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Welsh Government Throws Down the Gauntlet in Bid to Stop Controversial ‘Anti-Boycott’ Bill

Opponents of the bill say it is designed to undermine the freedom of speech of those critical of the Israeli Government

Children in the ruins of demolished Palestinian homes in the South Hebron heights in 2020. Photo: B’Tselem

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The Welsh Government has joined the Scottish Government in attempting to block Westminster’s so-called ‘anti-boycott’ bill, branding it a threat to devolution.

Palestine Solidarity Campaign (PSC) has welcomed the announcement by the Welsh Government that it is formally opposing the Economic Activity of Public Bodies (Overseas Matters) Bill, known as the ‘anti-boycott bill’ and recommending that the Senedd withhold its consent. 

This decision by the Welsh Labour Government is the latest blow to Michael Gove’s anti-boycott bill, following the Scottish Government’s decision to formally oppose it in August.

Opposition has been growing across the political spectrum amid a campaign by more than 70 civil society organisations including the Trades Union Congress, Amnesty UK and Liberty. 

Welsh Senedd members, including Labour first minister Mark Drakeford, were lobbied to oppose the bill as an “attack on freedom of expression” and the right of devolved administrations and public bodies to make their own ethical decisions around investment and procurement.

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The bill has been criticised for effectively barring councils from supporting Boycott, Divestment and Sanctions against alleged human-rights abusers – including Israel for its occupation of Gaza and the West Bank. The legislation is also likely to affect boycotts of authoritarian regimes like Saudi Arabia and other Gulf states. 

The bill faces an uphill struggle to be passed in time for the closure of this session’s parliamentary business before the King’s Speech in November. 

This month, the TUC passed a motion at its annual congress, announcing opposition to the bill from the trade union movement and the 5.5 million workers it represents.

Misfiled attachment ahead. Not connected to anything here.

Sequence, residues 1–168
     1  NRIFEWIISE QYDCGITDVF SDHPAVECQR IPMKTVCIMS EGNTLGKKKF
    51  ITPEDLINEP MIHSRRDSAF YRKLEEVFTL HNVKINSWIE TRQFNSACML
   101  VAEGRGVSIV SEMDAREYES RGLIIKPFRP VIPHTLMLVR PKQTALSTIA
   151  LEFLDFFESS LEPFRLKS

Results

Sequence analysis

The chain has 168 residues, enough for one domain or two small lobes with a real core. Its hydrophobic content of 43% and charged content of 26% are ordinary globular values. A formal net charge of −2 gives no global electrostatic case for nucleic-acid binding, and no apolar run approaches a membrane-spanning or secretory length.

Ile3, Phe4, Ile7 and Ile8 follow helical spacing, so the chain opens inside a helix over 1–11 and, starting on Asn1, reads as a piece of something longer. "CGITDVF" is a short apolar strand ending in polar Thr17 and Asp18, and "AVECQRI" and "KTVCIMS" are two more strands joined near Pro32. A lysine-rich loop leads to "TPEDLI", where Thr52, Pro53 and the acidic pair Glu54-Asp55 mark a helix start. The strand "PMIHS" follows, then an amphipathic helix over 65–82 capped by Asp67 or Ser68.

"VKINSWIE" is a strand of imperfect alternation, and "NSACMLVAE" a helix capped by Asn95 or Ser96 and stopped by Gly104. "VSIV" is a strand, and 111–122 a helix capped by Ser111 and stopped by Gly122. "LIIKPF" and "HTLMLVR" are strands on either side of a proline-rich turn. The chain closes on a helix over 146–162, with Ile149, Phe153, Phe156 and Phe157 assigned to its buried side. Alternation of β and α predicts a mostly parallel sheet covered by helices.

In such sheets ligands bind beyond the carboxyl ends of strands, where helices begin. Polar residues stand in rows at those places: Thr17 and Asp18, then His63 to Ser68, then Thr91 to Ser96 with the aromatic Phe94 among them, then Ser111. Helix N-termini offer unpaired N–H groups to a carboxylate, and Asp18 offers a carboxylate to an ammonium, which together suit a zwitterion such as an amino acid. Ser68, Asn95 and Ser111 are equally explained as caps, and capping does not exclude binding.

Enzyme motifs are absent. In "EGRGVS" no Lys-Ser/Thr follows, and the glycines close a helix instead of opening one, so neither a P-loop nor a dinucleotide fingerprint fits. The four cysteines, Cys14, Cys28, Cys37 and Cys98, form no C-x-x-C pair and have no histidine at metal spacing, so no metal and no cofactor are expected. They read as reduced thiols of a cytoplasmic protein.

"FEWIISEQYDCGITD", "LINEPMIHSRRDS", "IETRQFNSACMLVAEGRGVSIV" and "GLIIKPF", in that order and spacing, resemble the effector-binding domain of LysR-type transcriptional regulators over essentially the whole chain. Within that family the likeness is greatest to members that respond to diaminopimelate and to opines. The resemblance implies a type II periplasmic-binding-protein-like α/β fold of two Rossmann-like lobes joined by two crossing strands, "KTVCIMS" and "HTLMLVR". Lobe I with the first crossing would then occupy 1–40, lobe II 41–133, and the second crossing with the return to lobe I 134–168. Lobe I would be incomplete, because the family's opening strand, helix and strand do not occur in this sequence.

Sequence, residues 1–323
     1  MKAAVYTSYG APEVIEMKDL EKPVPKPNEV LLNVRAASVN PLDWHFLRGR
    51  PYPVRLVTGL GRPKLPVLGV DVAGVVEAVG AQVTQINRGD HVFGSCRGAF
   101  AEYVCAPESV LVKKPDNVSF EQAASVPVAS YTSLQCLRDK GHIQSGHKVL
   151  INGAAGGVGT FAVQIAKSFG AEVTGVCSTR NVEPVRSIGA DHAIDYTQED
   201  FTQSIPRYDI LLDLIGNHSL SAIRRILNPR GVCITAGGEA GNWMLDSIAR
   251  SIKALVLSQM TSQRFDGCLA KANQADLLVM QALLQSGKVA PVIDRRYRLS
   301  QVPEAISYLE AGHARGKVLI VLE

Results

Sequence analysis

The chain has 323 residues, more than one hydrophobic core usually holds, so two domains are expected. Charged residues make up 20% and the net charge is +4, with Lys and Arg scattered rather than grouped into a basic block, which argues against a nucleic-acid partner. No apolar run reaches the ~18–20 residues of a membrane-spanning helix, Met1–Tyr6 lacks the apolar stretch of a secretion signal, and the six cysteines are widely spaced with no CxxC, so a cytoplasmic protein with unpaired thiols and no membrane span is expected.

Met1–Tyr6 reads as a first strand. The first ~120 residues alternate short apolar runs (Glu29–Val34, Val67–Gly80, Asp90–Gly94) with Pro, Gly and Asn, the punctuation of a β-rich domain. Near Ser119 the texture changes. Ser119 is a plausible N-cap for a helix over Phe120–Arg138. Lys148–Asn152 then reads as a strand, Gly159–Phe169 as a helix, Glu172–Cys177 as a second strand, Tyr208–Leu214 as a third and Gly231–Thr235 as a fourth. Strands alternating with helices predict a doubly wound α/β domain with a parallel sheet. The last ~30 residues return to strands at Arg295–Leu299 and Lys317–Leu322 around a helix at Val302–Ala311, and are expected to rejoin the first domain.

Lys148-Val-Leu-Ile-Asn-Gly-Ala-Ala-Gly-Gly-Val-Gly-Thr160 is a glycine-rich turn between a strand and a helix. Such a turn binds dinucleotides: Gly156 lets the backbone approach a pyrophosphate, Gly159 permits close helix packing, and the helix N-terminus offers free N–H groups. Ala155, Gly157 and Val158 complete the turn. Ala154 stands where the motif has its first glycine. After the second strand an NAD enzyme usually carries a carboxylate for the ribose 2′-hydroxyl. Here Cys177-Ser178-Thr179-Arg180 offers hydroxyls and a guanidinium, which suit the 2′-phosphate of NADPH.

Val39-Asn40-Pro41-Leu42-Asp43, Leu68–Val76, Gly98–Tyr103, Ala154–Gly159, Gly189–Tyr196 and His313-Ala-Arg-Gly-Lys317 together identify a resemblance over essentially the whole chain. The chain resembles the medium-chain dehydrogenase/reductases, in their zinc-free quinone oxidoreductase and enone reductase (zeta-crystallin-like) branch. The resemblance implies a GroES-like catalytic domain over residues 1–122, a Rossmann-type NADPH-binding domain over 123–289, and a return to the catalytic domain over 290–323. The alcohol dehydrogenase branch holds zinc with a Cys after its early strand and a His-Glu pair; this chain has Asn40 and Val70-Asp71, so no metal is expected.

Rebecca Evans, Welsh Minister for Finance and Local Government, said in her memorandum to the Senedd: “I cannot recommend consent is given whilst questions remain as to the compatibility of this Bill with convention rights and international law. 

“In addition, I note that there has been widespread criticism of this Bill from amongst the legal and academic community, in relation to the way it has been drafted and how it is intended to operate in practice. I share those concerns.” 

Ben Jamal, Director of Palestine Solidarity Campaign UK (PSC), said in a statement: “This principled decision by the Welsh Government is the latest blow to this pernicious bill. The Welsh Government has rightly identified the incompatibility of the anti-boycott bill with conventions of rights and international law.

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“This decision will add further weight to the growing opposition to this Bill – in the UK Parliament, Scottish government, across civil society and amongst the general public.  We urge all of those who recognise the threat the anti-boycott bill poses to democratic freedoms to ramp up the pressure on MPs to ensure it is defeated when it goes back to Parliament for its next reading.” 

Those opposing the bill include Liberty, Unison, Unite the Union, University and College Union, Friends of the Earth, Greenpeace UK, Muslim Association of Britain, Methodist Church in Britain, and Campaign Against Arms Trade. 

The Welsh and Scottish Governments cannot block the legislation but it is seen as semi-unconstitutional to overrule devolved parliaments when they withhold legislative consent.

Over 18,000 people have signed a petition in support of the right to boycott, highlighting the history of boycott and divestment campaigns as a means to campaign peacefully for progressive change in this country and around the world, and calling on MPs to reject the bill.

A delegation led by PSC and representing more than 70 civil society groups visited Downing Street to hand in a petition signed by thousands of people opposed to the government’s anti-boycott bill earlier this month.

A Government source told Byline Times this month that ministers were fully committed to the legislation.

Announcing the bill earlier this year, Secretary of State for Levelling Up, Housing and Communities, Michael Gove said: “It is simply wrong that public bodies have been wasting taxpayers’ time and money pursuing their own foreign policy agenda. The UK must have a consistent approach to foreign policy, set by the UK Government.

“These campaigns not only undermine the UK’s foreign policy but lead to appalling antisemitic rhetoric and abuse. That is why we have taken this decisive action to stop these disruptive policies once and for all.

“My message to these organisations is to get on with your job and focus on delivering for the public.”


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